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Why Upside Foods' cultivated meat won’t be on shelves with Impossible Foods, Beyond Meat

UPSIDE Foods aims to disrupt the meat industry with its cultivated chicken.

The Berkeley, California–based company uses “real animal cells,” not plant-based protein like Beyond Meat (BYND) and Impossible Foods, to create its product, CEO Dr. Uma Valeti explains.

“This is chicken cells that are growing into meat, so we expect it to be positioned in a supermarket or a grocery aisle right where meat products are sold, whether it's frozen aisles or refrigerated or fresh, not next to vegetarian products because this is not vegetarian.”

Founded in 2015 by the cardiologist turned CEO Dr. Uma Valeti, UPSIDE Foods recently received FDA approval for consumers to eat the lab-grown chicken filet. He hopes this will allow the product to hit shelves “really soon.”

As far as price point for the option, Valeti says it is the company’s “aspirational goal at the moment is to beat the conventional prices,” but it won’t happen right away.

“Initially, we're going to start out with premium pricing when we come into the market ... That's because we are on a small scale. Our labor force is really very highly educated and requires a lot of time to put together the product that we put on the market. But in time, we expect our products to be at parity with conventional meat, but that's going to be 5 to 15 years away.”

UPSIDE Foods is the First Company in the World to Receive U.S. FDA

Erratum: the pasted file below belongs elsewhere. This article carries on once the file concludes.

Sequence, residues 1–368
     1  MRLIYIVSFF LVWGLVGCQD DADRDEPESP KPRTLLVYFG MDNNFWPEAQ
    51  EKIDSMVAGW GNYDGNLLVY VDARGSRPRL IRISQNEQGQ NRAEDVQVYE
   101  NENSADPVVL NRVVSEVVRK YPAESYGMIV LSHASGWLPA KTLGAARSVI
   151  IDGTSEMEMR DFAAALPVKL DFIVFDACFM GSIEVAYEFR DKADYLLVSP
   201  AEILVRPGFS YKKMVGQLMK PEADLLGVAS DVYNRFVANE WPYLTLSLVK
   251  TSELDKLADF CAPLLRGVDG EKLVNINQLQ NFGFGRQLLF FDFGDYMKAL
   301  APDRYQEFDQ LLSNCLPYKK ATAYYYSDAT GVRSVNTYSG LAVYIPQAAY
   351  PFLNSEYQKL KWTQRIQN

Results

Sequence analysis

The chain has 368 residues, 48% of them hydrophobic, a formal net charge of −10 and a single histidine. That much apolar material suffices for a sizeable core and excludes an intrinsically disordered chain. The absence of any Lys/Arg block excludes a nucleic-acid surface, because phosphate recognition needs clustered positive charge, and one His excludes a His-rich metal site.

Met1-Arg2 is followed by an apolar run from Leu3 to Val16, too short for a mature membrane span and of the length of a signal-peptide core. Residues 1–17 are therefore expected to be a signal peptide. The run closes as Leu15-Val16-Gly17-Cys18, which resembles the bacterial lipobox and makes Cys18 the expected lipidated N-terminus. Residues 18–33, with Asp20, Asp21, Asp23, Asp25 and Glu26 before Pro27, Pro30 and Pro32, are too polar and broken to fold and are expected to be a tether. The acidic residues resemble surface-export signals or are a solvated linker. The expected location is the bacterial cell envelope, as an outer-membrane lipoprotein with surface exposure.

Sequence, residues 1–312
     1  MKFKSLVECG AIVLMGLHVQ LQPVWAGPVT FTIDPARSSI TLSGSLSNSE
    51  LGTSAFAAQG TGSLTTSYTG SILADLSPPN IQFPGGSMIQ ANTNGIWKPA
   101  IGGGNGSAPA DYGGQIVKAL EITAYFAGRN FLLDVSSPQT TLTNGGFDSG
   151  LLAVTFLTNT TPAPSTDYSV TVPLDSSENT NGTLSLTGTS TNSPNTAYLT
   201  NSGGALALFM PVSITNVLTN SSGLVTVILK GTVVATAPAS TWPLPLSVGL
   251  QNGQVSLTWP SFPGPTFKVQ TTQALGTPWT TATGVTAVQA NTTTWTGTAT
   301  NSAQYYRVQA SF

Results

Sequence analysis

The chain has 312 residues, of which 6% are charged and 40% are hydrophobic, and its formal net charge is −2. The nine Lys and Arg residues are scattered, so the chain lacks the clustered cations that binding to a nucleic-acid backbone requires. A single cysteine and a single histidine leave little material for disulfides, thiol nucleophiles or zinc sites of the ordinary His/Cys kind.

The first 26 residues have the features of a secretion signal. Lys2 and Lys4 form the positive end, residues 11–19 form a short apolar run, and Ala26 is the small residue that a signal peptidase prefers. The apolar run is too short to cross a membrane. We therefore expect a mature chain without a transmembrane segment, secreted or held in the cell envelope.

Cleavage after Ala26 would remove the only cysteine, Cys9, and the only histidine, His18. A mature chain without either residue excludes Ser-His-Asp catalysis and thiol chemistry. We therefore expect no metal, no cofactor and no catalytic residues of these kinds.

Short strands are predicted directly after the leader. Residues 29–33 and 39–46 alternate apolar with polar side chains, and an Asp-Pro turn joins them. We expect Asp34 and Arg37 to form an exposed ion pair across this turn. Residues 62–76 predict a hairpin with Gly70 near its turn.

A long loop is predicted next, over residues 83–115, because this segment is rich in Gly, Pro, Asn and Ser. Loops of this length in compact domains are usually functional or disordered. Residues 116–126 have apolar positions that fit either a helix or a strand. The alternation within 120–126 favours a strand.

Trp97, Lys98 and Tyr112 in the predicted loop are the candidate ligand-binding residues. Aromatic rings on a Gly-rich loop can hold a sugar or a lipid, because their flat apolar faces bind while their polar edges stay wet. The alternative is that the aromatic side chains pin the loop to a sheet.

UPSIDE Foods is the First Company in the World to Receive U.S. FDA "Green Light" for Cultivated Meat. (Courtesy: UPSIDE Foods)

The FDA approval was key to kick off production at its facility in California too, which it calls the Engineering, Production, and Innovation Center (EPIC), which has the capability to produce 50,000 pounds of meat.

"We are not producing it at that level because we've been waiting for the FDA green light to start production processes, but we're doing a lot of learning and continue to update our technology and it's moving at such a pace that we need an innovation center like this to continuously update not only the hardware and how the meat is made, but also the feed that we feed our animal cells.”

This is one step toward UPSIDE Foods' larger goal to provide sustainable meat, poultry and seafood options. As a result of rapid evolution in the technology used to develop its products, Valeti says the equipment developed in 2019 is already outdated. That’s not stopping the company from its hefty goals ahead.

“We're now in the process of looking for the right location to build a production facility that is about 50 times larger than EPIC and is capable of producing something in the range of [10 to 20 million pounds] of product every year, and we are looking for it actively … We hope that states will reach out to us to put our facility in their region.”

UPSIDE Foods recently closed a $400 million Series C, which brings it to a $1 billion valuation. So far, the company has raised a total of $608 million, including from sustainability advocates Bill Gates, Kimbal and Christiana Musk, and Richard Branson, in addition to funding from companies like Tyson Foods. It also has a partnership with Dominique Crenn, a three-Michelin starred chef.

Brooke DiPalma is a reporter for Yahoo Finance. Follow her on Twitter at @BrookeDiPalma or email her at

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